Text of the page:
Sickle cell telemedicine and standard clinical encounters: A comparison of patient satisfaction

K. F. Woods, A. Kutlar, J. A. Johnson, J. L. Waller, R. K. Grigsby, M. E. Stachura, D. W. Rahn

Research output: Contribution to journalArticle

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Abstract

Objectives: To determine patient satisfaction with telemedicine encounters among adults with sickle cell disease and compare their scores with SCD patients who have standard medical encounters (as controls). Methods: Adults patients were recruited from a list of participants in sickle cell telemedicine clinics and prospectively at the time of clinic encounter. Patients were assigned to telemedicine or standard encounter groups. Demographic and pertinent clinical data were obtained for all subjects, and the Client Satisfaction Questionnaire (CSQ-8) was administered. Patients were also asked for open-ended comments regarding their satisfaction with the service. Their responses were recorded verbatim. Results: Patients with telemedicine (n = 60) and standard encounters (n = 60) were comparable in gender, genotype, education, employment, and mean number of sickle cell disease-related complications. Patients in the telemedicine group were younger (p < 0.005), more likely to have Medicaid insurance (p = 0.009), and more likely be taking hydroxyurea (p = 0.003) than patients in the control encounter group. Mean CSQ scores for the telemedicine group were high (total: 28.82 ± 3.06), and there was no difference for any item between encounter groups (p = 0.389). Patients in the standard encounter group were more likely to provide positive open-ended comments regarding the encounter (95% vs. 70%; p = 0.001). Negative comments were generally in the area of confidentiality. Conclusions: While some patients expressed concern about confidentiality with telemedicine, the benefits of improved access and continuity of care were recognized, and overall satisfaction with telemedicine was high. These findings support the use of telemedicine as an acceptable health care delivery option for rural, underserved populations with sickle cell disease.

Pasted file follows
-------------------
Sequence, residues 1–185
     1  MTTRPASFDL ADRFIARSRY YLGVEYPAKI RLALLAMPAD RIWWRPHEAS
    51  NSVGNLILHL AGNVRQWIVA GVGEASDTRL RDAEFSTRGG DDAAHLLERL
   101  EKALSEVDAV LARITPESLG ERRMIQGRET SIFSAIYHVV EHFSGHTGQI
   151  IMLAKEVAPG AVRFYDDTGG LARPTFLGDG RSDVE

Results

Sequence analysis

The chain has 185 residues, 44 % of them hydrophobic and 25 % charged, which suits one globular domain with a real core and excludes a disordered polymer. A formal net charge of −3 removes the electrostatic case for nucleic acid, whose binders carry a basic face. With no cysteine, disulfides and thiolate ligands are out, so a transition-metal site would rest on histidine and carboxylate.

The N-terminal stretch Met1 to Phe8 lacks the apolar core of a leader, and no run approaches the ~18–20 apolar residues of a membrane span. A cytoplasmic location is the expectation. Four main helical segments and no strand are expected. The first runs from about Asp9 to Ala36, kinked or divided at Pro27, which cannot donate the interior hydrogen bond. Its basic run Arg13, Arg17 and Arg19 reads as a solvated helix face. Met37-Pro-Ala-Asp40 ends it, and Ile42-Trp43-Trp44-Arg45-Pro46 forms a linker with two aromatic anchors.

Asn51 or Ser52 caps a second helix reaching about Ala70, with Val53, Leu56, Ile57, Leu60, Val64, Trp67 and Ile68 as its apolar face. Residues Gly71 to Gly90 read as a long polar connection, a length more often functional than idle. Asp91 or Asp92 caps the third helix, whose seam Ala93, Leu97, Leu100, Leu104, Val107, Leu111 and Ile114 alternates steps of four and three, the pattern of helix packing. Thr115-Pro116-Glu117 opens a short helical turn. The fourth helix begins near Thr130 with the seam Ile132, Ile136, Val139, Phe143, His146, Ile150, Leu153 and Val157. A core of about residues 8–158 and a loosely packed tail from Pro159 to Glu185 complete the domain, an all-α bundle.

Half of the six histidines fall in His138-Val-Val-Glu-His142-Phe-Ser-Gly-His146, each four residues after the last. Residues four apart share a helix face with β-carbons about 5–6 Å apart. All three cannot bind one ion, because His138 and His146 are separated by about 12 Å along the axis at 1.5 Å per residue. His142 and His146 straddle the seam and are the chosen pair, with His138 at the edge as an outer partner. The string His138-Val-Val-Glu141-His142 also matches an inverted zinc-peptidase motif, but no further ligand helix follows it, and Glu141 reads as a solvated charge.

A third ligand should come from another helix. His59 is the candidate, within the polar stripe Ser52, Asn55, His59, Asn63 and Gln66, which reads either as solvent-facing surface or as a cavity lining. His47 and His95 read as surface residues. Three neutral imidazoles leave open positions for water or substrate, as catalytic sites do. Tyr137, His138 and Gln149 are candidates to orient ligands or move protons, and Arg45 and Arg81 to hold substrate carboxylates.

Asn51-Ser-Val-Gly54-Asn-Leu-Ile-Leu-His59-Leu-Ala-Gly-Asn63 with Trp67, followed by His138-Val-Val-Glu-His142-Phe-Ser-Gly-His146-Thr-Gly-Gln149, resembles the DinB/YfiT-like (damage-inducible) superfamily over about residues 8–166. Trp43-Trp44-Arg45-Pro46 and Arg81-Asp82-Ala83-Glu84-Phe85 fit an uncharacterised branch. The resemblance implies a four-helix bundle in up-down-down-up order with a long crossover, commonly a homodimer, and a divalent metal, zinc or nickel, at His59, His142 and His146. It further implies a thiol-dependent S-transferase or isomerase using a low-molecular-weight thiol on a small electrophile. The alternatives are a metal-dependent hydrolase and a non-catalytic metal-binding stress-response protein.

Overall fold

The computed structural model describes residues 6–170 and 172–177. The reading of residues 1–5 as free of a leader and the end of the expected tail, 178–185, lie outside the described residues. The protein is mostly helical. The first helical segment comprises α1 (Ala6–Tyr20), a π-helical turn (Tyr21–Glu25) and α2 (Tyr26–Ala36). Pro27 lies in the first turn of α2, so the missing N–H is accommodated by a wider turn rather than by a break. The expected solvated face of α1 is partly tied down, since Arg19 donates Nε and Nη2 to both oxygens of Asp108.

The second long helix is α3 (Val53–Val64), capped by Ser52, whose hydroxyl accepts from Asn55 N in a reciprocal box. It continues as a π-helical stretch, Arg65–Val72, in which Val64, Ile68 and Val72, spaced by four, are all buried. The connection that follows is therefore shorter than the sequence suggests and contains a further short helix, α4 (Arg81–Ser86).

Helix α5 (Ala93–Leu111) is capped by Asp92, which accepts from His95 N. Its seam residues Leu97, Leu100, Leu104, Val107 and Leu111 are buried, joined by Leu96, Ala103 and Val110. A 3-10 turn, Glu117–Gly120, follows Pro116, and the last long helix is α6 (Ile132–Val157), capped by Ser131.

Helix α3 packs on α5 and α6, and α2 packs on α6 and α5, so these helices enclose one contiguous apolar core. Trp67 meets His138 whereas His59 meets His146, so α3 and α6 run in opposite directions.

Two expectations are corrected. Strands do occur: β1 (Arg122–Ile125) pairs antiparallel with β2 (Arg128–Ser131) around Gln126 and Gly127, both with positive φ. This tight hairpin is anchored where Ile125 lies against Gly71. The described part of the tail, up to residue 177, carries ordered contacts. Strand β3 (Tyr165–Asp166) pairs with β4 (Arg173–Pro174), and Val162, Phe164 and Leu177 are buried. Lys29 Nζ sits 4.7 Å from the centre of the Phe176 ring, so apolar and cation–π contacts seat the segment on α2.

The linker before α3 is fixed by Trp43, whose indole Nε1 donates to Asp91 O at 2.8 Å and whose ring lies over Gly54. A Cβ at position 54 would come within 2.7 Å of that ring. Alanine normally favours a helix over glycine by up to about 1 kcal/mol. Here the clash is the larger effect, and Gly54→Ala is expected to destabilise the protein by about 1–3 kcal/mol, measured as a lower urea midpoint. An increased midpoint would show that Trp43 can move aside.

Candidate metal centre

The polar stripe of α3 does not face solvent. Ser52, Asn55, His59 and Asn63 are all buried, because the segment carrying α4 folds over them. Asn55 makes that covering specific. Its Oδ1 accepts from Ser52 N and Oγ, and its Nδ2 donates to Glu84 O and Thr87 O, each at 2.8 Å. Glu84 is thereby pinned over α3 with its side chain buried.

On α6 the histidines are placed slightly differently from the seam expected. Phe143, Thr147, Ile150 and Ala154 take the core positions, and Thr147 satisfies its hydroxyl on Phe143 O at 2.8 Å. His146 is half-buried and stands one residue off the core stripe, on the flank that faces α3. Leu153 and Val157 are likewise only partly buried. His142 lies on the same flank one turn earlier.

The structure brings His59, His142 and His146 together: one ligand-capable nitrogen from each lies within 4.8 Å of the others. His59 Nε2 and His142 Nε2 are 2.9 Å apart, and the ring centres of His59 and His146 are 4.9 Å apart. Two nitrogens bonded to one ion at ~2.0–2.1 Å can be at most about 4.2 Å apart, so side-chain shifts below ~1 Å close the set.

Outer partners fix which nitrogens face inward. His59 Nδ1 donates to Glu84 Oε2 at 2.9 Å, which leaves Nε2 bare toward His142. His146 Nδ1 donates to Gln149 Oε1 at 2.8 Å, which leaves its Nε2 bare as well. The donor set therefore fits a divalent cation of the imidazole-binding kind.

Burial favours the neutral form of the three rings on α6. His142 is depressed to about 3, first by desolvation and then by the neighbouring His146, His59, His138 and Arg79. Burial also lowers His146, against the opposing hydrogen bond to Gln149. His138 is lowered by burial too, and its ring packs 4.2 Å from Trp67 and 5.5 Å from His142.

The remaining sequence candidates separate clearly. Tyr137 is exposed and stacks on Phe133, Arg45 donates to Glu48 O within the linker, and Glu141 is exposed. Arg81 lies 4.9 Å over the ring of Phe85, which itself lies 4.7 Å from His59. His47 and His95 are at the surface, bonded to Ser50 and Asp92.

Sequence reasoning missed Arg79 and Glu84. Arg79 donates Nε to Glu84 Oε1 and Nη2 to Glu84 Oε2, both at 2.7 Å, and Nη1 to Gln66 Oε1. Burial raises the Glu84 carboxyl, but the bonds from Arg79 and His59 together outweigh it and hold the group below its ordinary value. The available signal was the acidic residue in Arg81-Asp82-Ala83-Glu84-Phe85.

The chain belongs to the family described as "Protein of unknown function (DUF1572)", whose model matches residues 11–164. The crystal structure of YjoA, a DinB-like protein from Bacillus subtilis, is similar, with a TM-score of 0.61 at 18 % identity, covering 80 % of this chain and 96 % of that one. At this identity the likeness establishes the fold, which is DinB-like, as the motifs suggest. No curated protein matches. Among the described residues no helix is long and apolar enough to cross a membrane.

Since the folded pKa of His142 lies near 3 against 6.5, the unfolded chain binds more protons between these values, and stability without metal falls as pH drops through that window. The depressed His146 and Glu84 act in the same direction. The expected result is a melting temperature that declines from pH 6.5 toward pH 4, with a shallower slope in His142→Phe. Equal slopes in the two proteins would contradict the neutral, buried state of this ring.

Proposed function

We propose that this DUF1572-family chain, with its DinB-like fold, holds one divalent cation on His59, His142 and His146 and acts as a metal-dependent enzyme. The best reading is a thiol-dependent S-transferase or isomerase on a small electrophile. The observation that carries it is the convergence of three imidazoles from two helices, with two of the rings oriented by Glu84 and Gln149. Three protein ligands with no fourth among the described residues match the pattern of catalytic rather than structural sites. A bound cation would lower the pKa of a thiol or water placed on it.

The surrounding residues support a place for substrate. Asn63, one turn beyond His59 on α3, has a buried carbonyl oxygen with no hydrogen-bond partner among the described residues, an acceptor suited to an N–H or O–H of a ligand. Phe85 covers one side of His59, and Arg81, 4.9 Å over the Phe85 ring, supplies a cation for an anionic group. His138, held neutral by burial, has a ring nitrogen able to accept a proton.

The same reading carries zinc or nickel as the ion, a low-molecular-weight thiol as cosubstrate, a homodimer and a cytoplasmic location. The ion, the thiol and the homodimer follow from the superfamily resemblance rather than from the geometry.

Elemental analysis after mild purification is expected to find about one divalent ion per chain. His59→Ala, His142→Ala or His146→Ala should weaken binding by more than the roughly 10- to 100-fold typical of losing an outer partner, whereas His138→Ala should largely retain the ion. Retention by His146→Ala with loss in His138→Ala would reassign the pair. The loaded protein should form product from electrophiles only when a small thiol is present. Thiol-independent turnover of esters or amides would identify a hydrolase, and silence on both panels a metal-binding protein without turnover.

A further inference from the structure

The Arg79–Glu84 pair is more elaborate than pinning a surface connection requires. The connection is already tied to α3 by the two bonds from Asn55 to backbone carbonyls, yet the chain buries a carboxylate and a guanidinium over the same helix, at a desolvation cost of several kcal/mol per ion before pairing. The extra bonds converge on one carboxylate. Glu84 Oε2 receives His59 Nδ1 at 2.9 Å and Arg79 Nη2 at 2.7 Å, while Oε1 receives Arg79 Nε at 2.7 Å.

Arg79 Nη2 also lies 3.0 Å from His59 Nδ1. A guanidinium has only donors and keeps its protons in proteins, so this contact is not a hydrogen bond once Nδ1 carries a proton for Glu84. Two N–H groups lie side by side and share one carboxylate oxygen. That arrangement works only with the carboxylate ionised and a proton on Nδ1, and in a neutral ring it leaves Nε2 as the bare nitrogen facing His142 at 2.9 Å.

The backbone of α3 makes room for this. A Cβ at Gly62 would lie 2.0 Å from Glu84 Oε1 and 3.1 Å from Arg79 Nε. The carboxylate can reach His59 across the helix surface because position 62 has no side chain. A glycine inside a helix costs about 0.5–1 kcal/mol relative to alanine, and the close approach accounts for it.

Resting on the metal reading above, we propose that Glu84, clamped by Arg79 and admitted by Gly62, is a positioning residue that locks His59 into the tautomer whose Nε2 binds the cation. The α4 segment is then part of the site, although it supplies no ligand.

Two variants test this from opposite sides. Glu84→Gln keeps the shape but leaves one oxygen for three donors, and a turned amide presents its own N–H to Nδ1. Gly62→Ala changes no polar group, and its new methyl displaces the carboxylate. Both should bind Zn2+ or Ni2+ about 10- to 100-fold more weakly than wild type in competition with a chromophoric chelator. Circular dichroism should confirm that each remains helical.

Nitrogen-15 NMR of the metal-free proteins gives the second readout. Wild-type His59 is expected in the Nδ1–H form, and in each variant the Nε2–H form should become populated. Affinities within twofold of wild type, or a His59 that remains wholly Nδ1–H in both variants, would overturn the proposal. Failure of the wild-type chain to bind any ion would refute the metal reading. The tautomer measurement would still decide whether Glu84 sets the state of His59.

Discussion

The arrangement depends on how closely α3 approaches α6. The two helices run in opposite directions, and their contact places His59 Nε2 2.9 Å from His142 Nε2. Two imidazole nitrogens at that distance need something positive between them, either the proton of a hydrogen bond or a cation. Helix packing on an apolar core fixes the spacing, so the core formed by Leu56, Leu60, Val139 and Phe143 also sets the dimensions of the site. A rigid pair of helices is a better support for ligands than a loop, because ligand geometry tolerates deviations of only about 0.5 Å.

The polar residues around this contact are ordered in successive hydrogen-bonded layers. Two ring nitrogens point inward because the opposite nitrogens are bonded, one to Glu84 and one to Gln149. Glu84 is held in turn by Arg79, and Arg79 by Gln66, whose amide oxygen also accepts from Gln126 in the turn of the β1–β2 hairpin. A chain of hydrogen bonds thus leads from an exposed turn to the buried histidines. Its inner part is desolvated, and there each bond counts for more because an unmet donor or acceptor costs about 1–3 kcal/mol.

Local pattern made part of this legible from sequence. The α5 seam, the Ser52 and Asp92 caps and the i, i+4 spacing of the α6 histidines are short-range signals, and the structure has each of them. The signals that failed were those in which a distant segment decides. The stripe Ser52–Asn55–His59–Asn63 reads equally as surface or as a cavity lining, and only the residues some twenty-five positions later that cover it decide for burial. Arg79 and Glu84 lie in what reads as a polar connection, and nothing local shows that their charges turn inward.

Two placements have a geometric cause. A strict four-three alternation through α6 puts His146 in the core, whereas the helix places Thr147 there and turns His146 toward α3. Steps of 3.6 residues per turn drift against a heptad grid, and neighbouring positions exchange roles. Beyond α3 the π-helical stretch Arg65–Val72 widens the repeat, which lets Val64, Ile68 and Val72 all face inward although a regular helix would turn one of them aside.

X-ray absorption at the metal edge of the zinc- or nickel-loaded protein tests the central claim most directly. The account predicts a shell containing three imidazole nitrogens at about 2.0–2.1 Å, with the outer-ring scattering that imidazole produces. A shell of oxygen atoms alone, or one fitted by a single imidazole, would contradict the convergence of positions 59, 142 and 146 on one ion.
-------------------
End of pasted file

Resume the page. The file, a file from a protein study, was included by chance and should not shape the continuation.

Original languageEnglish (US)
Pages (from-to)349-356
Number of pages8
JournalTelemedicine Journal
Volume5
Issue number4
DOIs
StatePublished - Dec 1 1999

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Telemedicine
Patient Satisfaction
Sensitivity Training Groups
Sickle Cell Anemia
Confidentiality
Continuity of Patient Care
Hydroxyurea
Medicaid
Vulnerable Populations
Rural Population
Insurance
Genotype
Demography
Delivery of Health Care
Education
Control Groups

ASJC Scopus subject areas

  • Medicine(all)

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Sickle cell telemedicine and standard clinical encounters : A comparison of patient satisfaction. / Woods, K. F.; Kutlar, A.; Johnson, J. A.; Waller, J. L.; Grigsby, R. K.; Stachura, M. E.; Rahn, D. W.

In: Telemedicine Journal, Vol. 5, No. 4, 01.12.1999, p. 349-356.

Research output: Contribution to journalArticle

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abstract = "Objectives: To determine patient satisfaction with telemedicine encounters among adults with sickle cell disease and compare their scores with SCD patients who have standard medical encounters (as controls). Methods: Adults patients were recruited from a list of participants in sickle cell telemedicine clinics and prospectively at the time of clinic encounter. Patients were assigned to telemedicine or standard encounter groups. Demographic and pertinent clinical data were obtained for all subjects, and the Client Satisfaction Questionnaire (CSQ-8) was administered. Patients were also asked for open-ended comments regarding their satisfaction with the service. Their responses were recorded verbatim. Results: Patients with telemedicine (n = 60) and standard encounters (n = 60) were comparable in gender, genotype, education, employment, and mean number of sickle cell disease-related complications. Patients in the telemedicine group were younger (p < 0.005), more likely to have Medicaid insurance (p = 0.009), and more likely be taking hydroxyurea (p = 0.003) than patients in the control encounter group. Mean CSQ scores for the telemedicine group were high (total: 28.82 ± 3.06), and there was no difference for any item between encounter groups (p = 0.389). Patients in the standard encounter group were more likely to provide positive open-ended comments regarding the encounter (95{\%} vs. 70{\%}; p = 0.001). Negative comments were generally in the area of confidentiality. Conclusions: While some patients expressed concern about confidentiality with telemedicine, the benefits of improved access and continuity of care were recognized, and overall satisfaction with telemedicine was high. These findings support the use of telemedicine as an acceptable health care delivery option for rural, underserved populations with sickle cell disease.",
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